Figure 2.4Adjustment of Energy Subsidies for Taxes and Externalities, 2011

Energy subsidies increase substantially when externalities and tax considerations are taken on board.

Sources: GIZ; IEA, World Energy Outlook 2012; IMF, WEO; IMF staff estimates; OECD; World Bank.

Note: VAT refers to the tax subsidy provided when energy products are taxed by less than the economy’s standard VAT rate (see Appendix A). Estimates for electricity are for the most recent year available. Subsidies in percent of GDP and revenues are calculated as identified subsidies divided by global or regional GDP and revenues, respectively.

The calculation of producer subsidies should incorporate any subsidies received on inputs.

For some exporters of fuel products with refineries that use domestic crude oil, actual fuel product production costs may be below supply costs if these exporters have access to subsidized crude oil.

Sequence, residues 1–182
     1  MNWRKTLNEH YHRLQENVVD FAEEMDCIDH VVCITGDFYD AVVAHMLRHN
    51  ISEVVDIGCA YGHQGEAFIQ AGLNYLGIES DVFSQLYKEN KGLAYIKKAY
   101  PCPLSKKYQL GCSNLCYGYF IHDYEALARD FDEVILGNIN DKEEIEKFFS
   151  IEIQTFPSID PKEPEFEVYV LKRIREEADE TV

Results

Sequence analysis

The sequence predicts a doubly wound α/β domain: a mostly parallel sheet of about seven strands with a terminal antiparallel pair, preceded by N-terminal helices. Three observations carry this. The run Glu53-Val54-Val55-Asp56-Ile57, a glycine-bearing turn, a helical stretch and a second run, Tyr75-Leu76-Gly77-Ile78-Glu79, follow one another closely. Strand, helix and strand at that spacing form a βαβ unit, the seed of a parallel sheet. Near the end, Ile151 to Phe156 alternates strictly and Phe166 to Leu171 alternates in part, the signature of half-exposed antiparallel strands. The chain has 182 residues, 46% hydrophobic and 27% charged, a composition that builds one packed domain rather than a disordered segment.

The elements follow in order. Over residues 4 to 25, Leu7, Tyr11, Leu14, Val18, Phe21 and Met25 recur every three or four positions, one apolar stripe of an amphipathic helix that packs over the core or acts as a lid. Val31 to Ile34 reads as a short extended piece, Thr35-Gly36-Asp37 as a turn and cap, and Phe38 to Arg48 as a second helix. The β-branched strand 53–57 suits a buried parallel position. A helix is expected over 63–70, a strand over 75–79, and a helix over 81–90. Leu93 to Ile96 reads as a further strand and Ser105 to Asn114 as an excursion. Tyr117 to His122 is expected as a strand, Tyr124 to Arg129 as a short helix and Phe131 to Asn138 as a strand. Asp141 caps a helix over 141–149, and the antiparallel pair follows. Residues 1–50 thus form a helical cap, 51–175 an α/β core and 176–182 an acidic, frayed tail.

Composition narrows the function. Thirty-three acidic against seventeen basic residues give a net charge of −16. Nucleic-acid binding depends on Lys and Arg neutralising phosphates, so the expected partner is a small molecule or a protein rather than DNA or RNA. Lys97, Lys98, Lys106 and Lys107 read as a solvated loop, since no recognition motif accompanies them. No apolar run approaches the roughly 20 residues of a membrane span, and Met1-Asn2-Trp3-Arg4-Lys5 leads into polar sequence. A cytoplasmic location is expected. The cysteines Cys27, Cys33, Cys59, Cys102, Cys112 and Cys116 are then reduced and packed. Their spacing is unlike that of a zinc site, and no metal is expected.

These taxes are often referred to as “Pigouvian” or “corrective” taxes. In this paper, only broad estimates of these tax subsidies will be reported. A forthcoming study by the Fiscal Affairs Department of the IMF will provide more refined, country-specific estimates.

In practice, identifying producer subsidies can be especially difficult because these often take the form of differential tax treatment and tax exemptions for specific sectors.

The posttax subsidy figures are calculated by multiplying the subsidy per unit by the quantity of energy consumption in 2011. The revenues gained by eliminating subsidies would be lower than this amount because of the decline in the quantity of energy consumed.

    Other Resources Citing This Publication